A team of investigative reporters in Iraq have found a pattern of waste, fraud and abuse among U.S. companies receiving multi-million-dollar reconstruction contracts in the country, including massive over-charges for projects; shoddy work or a failure to complete tasks; and ignoring local experts who contend they could do the job better and cheaper.
The in-depth report by CorpWatch's Pratap Chatterjee and Focus on the Global South's Herbert Docena, published in the latest issue of Southern Exposure magazine, is an on-the-ground account of how U.S. taxpayer money given to Bechtel, Halliburton and other companies is being spent.
The investigative team spent three weeks in Iraq visiting project sites, analyzing contracts, and interviewing dozens of administrators, contract workers, and U.S. officials. Among the findings:
* Despite over eight months of work and billions of dollars spent, key pieces of Iraq's infrastructure power plants, telephone exchanges, and sewage and sanitation systems have either not been repaired, or have been fixed so poorly that they don't function.
* San Francisco-based Bechtel has been given tens of millions to repair Iraqs schools. Yet many haven't been touched, and several schools that Bechtel claims to have repaired are in shambles. One repaired school was overflowing with unflushed sewage; a teacher at the school also reported that the American contractors took away our Japanese fans and replaced them with Syrian fans that don't work billing the U.S. government for the work.
* Inflated overhead costs and a byzantine maze of sub-contracts have left little money for the everyday workers carrying out projects. In one contract for police operations, Iraqi guards received only 10% of the money allotted for their salaries; Indian cooks for Halliburton subsidiary Kellogg, Brown & Root reported making just three dollars a day.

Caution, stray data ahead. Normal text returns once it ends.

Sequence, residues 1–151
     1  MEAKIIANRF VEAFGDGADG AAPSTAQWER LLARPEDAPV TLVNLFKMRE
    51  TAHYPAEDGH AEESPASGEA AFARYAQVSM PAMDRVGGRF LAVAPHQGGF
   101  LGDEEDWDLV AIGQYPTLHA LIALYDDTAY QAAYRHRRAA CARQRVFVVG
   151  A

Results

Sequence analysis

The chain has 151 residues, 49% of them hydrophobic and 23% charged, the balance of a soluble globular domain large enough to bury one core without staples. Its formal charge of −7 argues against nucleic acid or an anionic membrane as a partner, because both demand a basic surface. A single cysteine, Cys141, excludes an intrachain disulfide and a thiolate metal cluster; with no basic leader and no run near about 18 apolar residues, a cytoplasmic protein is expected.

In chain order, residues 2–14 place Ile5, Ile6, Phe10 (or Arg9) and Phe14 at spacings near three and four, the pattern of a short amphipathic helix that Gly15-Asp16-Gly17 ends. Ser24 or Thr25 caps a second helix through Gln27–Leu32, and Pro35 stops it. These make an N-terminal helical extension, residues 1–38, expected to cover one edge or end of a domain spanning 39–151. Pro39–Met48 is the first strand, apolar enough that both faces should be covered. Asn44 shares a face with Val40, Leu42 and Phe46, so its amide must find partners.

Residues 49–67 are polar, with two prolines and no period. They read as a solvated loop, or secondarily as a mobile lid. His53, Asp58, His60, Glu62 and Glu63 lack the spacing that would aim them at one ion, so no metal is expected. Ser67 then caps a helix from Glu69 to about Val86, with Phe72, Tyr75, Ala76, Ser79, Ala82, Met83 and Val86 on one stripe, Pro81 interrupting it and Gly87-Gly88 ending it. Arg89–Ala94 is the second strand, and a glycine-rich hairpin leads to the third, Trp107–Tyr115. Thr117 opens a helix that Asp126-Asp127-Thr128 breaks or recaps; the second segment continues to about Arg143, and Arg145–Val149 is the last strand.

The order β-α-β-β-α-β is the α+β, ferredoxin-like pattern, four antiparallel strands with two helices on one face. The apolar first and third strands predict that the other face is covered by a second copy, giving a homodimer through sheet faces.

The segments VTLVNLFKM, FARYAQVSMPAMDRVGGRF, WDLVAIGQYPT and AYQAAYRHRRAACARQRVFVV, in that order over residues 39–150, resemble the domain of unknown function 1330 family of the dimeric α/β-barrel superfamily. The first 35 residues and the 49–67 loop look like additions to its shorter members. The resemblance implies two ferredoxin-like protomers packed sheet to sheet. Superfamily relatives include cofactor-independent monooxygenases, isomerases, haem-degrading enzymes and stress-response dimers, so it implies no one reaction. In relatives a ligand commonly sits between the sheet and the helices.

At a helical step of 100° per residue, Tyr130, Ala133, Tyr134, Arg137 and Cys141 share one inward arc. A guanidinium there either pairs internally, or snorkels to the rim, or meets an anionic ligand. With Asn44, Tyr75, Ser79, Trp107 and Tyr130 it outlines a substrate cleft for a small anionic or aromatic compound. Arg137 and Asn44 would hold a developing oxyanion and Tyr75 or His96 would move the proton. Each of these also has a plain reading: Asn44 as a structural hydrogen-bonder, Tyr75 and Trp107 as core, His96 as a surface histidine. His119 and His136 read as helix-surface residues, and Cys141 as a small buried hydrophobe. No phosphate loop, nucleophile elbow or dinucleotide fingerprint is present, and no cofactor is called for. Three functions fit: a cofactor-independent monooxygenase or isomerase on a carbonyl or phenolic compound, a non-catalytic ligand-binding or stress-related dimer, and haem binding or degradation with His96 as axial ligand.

The report also reveals further details of Halliburton's contracts: for example, that of Halliburton's $2.2 billion in contracts, only about 10% has gone to meeting community needs the rest being spent on servicing U.S. troops and rebuilding oil pipelines. Halliburton has also spent over $40 million in the unsuccessful search for weapons of mass destruction.
"A handful of well-connected corporations are making a killing off the devastation in Iraq" observes Chris Kromm, publisher of Southern Exposure. "The politics and process behind these deals have always been questionable. Now we have first-hand evidence that they're not even doing their jobs."
Also featured in the winter 2003/2004 issue of Southern Exposure, on sale this month, is an expose of the increasingly powerful Washington arms lobby by investigative reporter Jason Vest.
Southern Exposure is published by the Institute for Southern Studies, a non-profit research center based in Durham, N.C. SE is a past winner of the National Magazine Award and George Polk Award, and a 2003 nominee for the Independent Press Award in Local/Regional Reporting.
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